Obama and McCain: In their own write

We know how they shape up in front of the cameras, but how do they fare in print? Our experts have read their autobiographies – so you don't have to
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The Independent Culture

Dreams from My Father By Barack Obama



It doesn't matter how you dress it up – the idea of another political autobiography hardly thrills, especially one portentously subtitled "a story of race and inheritance" and clad in a sepia-toned jacket to look all vintage. Start reading, though, and you will be gripped. If he is elected, Barack Obama's Dreams from My Father, first published in 1995, will be required reading. And it won't be a chore.

Obama can write. He can also think, and he express his feelings. Those inspirational speeches that have galvanised a whole new generation of American voters did not come out of nowhere. His life story is a stylish and considered account of where he came from and where he might be going. In fact, readers have been fortunate. His original intention, he says, was to write a more theoretical, more conventionally political book – in other words, a book like all the other political autobiographies.

But when he started writing, it turned out rather differently: the life history of a young man who was mixed up in every sense. He was brought up in the outwardly exotic surroundings of Hawaii. The son of a Kenyan and a white American of hippie-ish inclinations, he was aware of his ethnic difference from an early age. But his white relatives impressed on him that it should not matter.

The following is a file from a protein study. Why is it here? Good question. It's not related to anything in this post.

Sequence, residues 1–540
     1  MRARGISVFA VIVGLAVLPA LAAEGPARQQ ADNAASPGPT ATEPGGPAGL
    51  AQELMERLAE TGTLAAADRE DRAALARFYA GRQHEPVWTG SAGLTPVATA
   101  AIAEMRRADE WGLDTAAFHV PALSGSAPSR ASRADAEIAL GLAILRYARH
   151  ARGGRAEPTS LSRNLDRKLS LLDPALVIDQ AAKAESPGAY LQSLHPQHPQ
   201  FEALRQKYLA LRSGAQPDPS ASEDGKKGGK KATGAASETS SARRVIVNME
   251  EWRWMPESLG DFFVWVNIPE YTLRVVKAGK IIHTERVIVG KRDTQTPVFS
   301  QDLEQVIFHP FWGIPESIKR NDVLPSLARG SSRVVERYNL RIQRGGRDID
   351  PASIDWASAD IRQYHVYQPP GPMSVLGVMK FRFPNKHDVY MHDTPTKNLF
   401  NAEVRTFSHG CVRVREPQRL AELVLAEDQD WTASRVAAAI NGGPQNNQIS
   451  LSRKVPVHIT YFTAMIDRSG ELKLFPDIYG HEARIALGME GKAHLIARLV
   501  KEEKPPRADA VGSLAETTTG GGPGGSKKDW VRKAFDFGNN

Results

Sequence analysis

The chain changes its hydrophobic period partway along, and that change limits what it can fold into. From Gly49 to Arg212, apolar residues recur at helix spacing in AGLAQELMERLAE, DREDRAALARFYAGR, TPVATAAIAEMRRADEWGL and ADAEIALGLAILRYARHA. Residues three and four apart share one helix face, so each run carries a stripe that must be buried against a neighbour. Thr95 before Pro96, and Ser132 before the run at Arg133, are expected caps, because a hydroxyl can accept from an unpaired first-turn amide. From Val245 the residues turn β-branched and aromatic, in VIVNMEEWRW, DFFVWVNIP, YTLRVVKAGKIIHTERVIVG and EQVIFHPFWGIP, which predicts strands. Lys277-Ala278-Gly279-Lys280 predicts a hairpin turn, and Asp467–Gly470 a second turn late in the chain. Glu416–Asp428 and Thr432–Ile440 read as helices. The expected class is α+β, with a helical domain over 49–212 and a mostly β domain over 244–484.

The early chapters delve into the confusion of his early life and the rare place he inhabited between white privilege and blackness. In the final section, he charts his Roots-style journey to meet the Kenyan relatives – an account in which warmth, resentment, family rivalries and an all-consuming desire to understand jostle with each other. In the middle are the Chicago years, where Obama, now a Harvard graduate and lawyer, is forced to confront the difference between himself and so many poor black Americans – he can escape any time he likes, they are trapped. He comes under the influence of Rev Jeremiah Wright, who was to prove such a liability during this year's campaign.

Is this is a self-censored account? Did Obama keep half an eye, as he wrote, on his ambitions for the future? Perhaps. But it's a cracking good tale, and even if it's not the whole unvarnished truth, it shows the man and the politician as he wants you to see him. That's as much as any canny leader is going to tell. Mary Dejevsky

The Audacity of Hope By Barack Obama



Clearly, if Obama hadn't gone into politics he would have made a fine writer. Like Dreams from My Father, Audacity, published last March, succeeds well as literature.